The article Asynchronous workflows and joinads gives numerous examples of programming with asynchronous workflows using the match! construct. Briefly, when matching on multiple asynchronous workflows, they are executed in parallel. When pattern matching consists of multiple clauses, the clause that matches on computations that complete first gets executed. These two behaviours are implemented by the Merge and the Choose operation of joinads. Additionally, asynchronous workflows require the Alias operation, which makes it possible to share the result of a started asynchronous workflow in multiple clauses.

In this article, we look at the definition of the additional AsyncBuilder operations that enable the match! syntax. We do not look at additional examples of using the syntax, because these can be found in a previous article.

Note: This blog post is a re-publication of a tutorial from the TryJoinads.org web page. If you read the article there, you can run the examples interactively and experiment with them: view the article on TryJoinads.

Published: Friday, 23 March 2012, 5:21 PM
Tags: asynchronous, f#, research, joinads
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TryJoinads (VI.) - Parsing with joinads

In functional programming, parser combinators are a powerful way of writing parsers. A parser is a function that, given some input, returns possible parsed values and the rest of the input. Parsers can be written using combinators for composition, for example run two parsers in sequence or perform one parser any number of times.

Parsers can also implement the monad structure. In some cases, this makes the parser less efficient, but it is an elegant way of composing parsers and we can also benefit from the syntactic support for monads. In this article, we implement a simple parser combinators for F# and we look what additional expressive power we can get from the joinad structure and match! construct. This article is largely based on a previous article "Fun with Parallel Monad Comprehensions", which can be found on the publications page.

Note: This blog post is a re-publication of a tutorial from the TryJoinads.org web page. If you read the article there, you can run the examples interactively and experiment with them: view the article on TryJoinads.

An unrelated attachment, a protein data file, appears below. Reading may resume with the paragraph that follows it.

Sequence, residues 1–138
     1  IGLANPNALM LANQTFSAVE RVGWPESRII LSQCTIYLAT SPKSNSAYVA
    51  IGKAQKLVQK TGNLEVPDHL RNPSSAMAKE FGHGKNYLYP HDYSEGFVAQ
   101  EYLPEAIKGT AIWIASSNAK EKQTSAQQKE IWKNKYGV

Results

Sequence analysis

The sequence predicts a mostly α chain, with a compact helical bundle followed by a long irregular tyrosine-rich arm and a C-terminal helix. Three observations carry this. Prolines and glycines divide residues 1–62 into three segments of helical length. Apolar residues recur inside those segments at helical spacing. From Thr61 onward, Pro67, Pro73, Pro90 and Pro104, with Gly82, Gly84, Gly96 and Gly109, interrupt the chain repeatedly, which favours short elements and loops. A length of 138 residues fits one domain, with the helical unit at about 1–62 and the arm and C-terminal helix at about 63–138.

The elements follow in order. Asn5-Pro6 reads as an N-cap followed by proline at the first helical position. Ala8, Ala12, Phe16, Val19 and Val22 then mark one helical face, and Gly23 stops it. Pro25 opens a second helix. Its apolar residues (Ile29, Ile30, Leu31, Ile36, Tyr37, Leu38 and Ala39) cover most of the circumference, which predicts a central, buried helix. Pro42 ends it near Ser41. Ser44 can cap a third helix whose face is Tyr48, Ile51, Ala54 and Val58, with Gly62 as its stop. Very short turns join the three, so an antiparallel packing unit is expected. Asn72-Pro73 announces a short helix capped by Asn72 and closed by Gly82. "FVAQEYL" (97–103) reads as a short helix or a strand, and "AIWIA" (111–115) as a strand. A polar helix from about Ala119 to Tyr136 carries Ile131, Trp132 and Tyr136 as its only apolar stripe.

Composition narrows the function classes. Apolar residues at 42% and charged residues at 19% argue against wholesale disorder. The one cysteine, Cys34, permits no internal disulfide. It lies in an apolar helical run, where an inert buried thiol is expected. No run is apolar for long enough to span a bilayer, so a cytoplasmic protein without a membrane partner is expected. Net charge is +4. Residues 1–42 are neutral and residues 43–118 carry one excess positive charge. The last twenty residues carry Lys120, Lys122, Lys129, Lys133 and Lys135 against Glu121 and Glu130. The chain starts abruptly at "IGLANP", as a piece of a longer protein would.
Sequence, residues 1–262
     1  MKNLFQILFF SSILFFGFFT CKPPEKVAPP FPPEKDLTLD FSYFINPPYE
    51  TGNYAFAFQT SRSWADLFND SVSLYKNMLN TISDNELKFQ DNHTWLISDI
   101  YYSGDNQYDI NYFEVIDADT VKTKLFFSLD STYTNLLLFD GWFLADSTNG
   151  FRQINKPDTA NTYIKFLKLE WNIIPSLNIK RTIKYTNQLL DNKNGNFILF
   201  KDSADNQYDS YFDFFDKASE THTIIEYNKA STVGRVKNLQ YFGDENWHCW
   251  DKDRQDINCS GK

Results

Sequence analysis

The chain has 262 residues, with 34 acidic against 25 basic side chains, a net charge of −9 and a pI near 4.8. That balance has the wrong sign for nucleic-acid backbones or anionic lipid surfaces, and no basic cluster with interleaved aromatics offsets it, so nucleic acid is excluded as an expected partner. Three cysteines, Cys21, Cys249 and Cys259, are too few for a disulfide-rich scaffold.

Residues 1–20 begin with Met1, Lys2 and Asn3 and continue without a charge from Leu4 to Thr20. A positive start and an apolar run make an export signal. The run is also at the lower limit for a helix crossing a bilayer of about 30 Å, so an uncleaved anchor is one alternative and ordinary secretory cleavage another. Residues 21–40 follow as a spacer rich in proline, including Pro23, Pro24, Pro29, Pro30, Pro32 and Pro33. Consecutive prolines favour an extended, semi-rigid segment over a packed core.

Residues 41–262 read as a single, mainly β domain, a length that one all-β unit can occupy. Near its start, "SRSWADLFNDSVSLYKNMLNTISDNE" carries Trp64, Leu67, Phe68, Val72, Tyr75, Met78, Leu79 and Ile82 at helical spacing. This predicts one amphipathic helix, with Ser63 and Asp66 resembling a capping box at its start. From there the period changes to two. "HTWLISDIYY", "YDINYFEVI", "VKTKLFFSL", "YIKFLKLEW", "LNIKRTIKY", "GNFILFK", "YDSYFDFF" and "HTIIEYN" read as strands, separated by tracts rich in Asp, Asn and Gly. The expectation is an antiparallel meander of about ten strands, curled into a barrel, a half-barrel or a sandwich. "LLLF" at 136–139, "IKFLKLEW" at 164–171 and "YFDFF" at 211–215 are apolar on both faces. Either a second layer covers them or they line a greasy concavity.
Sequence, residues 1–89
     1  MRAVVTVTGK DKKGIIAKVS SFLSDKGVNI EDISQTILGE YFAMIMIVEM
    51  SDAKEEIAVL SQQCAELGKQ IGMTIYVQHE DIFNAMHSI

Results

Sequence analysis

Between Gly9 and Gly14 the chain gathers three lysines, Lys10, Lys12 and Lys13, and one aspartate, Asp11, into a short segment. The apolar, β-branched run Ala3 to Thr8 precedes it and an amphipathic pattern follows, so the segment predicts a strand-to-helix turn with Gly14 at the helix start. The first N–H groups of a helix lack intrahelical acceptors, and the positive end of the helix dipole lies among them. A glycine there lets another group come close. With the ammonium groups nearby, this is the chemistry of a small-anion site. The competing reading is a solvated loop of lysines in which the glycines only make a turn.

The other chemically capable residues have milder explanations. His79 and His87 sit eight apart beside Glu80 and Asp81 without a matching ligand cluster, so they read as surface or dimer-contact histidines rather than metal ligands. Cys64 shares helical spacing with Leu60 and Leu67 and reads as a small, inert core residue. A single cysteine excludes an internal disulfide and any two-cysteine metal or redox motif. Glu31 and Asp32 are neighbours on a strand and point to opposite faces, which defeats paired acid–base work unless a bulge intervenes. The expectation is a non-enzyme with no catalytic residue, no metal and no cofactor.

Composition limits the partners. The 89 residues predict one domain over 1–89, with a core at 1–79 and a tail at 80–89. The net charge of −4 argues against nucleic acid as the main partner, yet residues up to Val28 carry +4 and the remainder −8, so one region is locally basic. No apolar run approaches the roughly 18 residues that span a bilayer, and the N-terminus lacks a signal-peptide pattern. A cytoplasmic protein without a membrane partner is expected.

Published: Wednesday, 21 March 2012, 4:27 PM
Tags: f#, joinads, research
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Asynchronous client/server in F# (QCon 2012)

Qcon

Last week, I gave a talk on asynchronous programming in F# at London QCon 2012. The talk was a part of The Rise of Scala & Functional Programming track organized by Charles Humble. Reactive and asynchronous programming was a topic that was repeated a couple of times during the whole session - Sadek Drobi talked about non-blocking reactive web framework Play2 and Damien Katz talked about Erlang and CouchDB.

I used the one hour slot to implement "Rectangle Drawing App" - a simple application that shows how to write complete client-server application just using F#. On the server-side, I used asynchronous workflows to write HTTP server with an F# agent. On the client-side, I used asynchronous workflows to express user interface logic and the Pit project to run F# code as JavaScript that works everywhere. The app definitely had a huge commercial potential:

Quote

Published: Monday, 12 March 2012, 1:09 AM
Tags: presentations, functional, asynchronous, f#, links
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TryJoinads (V.) - Implementing the option joinad

This article shows how to implement the joinad structure for one of the simplest monads - the option<'T> type. This is a slightly oversimplified example. The match! construct can be used to write patterns that specify that a monadic value (in this case option<'T>) should contain a certain value, or we can specify that we do not require a value. When working with options, this means the same thing as matching the value against Some and against _, respectively.

However, the example demonstrates the operations that need to be implemented and their type signatures. Later articles give more interesting examples including parsers and asynchronous workflows (and you can explore other examples if you look at the FSharp.Joiands source code at GitHub).

Note: This blog post is a re-publication of a tutorial from the TryJoinads.org web page. If you read the article there, you can run the examples interactively and experiment with them: view the article on TryJoinads.

Published: Friday, 2 March 2012, 1:24 PM
Tags: f#, research, joinads
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TryJoinads (IV.) - Concurrency using join calculus

Join calculus provides a declarative way of expressing asynchronous synchronization patterns. It has been use as a basis for programming languages (JoCaml and COmega), but also as a basis for libraries (embedded in C# and Scala). Using joinads, it is possible to embed join calculus in F# with a nice syntax using the match! construct. Formally, join calculus does not form a monad, but it can be viewed as a version of joinad as described in the first paper on joinads.

The programming model is based on channels and join patterns. A channel can be viewed as a thread-safe mailbox into which we can put values without blocking the caller. In some sense, this is quite similar to F# agents. A join pattern is then a rule saying that a certain combination of values in channels should trigger a specific reaction (and remove values from the channels). The ability to match on multiple channels distinguishes join calculus from F# agents.